Simulation of Left Ventricular Dynamics Using a Low-Order Mathematical Model

Michael J. Moulton, Brian D. Hong, Timothy W. Secomb

Research output: Contribution to journalArticlepeer-review

14 Scopus citations


The eventual goal of this study is to develop methods for estimating dynamic stresses in the left ventricle (LV) that could be used on-line in clinical settings, based on routinely available measurements. Toward this goal, a low-order theoretical model is presented, in which LV shape is represented using a small number of parameters, allowing rapid computational simulations of LV dynamics. The LV is represented as a thick-walled prolate spheroid containing helical muscle fibers with nonlinear passive and time-dependent active contractile properties. The displacement field during the cardiac cycle is described by three time-dependent parameters, using a family of volume-preserving mappings based on prolate spheroidal coordinates. Stress equilibrium is imposed in weak form and the resulting force balance equations are coupled to a lumped-parameter model of the circulation, leading to a system of differential–algebraic equations, whose numerical solution yields predictions of LV pressure and volume, together with spatial distributions of stresses and strains throughout the cardiac cycle. When static loading of the passive LV is assumed, this approach yields displacement and stress fields that closely match results from a standard finite-element approach. When dynamic motion with active contraction is simulated, substantial variations of fiber stress and strain through the myocardium are predicted. This approach allows simulations of LV dynamics that run faster than real time, and could be used to determine patient-specific parameters of LV performance on-line from clinically available measurements, with the eventual goal of real-time, patient-specific analysis of cardiac parameters.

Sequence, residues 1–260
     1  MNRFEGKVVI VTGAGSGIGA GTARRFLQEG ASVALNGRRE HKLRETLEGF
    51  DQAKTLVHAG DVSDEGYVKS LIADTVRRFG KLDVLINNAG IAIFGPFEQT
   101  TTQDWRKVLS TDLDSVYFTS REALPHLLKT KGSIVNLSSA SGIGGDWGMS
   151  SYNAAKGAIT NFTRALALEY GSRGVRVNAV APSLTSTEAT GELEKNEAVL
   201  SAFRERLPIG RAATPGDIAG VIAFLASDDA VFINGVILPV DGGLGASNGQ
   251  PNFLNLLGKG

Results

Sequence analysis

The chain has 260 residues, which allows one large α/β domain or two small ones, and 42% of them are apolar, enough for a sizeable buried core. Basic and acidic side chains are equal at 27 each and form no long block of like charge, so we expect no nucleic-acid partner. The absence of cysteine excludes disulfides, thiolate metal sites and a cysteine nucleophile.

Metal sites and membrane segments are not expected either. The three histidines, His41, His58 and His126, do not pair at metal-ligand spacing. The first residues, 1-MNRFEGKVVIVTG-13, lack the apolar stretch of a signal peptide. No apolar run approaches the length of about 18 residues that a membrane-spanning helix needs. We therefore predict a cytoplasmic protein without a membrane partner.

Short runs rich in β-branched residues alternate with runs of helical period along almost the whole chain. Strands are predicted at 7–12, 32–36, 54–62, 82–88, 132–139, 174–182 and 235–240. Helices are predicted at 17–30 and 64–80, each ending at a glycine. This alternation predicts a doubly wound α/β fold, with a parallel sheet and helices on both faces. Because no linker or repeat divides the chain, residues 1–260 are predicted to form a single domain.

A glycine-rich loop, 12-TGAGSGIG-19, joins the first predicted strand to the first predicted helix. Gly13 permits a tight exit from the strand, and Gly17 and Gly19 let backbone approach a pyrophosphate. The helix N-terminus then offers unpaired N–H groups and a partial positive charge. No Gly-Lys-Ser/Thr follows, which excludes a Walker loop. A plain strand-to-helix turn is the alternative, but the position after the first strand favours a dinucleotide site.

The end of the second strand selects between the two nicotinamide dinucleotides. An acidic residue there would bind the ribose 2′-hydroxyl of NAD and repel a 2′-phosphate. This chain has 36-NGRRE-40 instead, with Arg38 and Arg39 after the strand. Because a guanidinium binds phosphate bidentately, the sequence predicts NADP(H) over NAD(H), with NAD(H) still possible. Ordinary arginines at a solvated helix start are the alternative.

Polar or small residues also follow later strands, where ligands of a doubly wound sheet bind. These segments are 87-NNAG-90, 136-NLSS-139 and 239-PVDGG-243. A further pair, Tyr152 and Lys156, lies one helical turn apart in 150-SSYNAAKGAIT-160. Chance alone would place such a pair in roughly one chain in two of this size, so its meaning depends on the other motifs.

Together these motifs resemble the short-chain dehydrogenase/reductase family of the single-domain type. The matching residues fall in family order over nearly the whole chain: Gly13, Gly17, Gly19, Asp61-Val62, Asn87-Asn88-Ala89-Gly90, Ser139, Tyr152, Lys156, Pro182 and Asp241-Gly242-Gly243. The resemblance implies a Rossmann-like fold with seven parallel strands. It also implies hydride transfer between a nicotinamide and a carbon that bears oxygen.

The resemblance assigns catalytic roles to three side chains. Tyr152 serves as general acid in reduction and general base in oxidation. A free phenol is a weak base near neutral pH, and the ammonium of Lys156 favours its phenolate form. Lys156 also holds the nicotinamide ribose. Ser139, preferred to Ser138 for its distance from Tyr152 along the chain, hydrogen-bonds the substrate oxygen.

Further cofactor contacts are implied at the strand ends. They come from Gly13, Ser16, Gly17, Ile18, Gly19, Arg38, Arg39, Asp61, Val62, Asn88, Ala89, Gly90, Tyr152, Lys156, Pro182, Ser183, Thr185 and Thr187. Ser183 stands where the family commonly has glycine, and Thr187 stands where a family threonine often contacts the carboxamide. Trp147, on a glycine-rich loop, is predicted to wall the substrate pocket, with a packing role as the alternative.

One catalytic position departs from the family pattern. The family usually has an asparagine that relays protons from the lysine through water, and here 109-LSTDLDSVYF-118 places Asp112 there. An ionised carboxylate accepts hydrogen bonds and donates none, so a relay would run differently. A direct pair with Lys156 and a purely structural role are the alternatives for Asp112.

Original languageEnglish (US)
Pages (from-to)480-494
Number of pages15
JournalCardiovascular Engineering and Technology
Issue number4
StatePublished - Dec 1 2017


  • Cardiac mechanics
  • Diastolic heart failure
  • Mathematical model
  • Myocardial strain
  • Pressure–volume curve
  • Ventricular wall stress

ASJC Scopus subject areas

  • Biomedical Engineering
  • Cardiology and Cardiovascular Medicine


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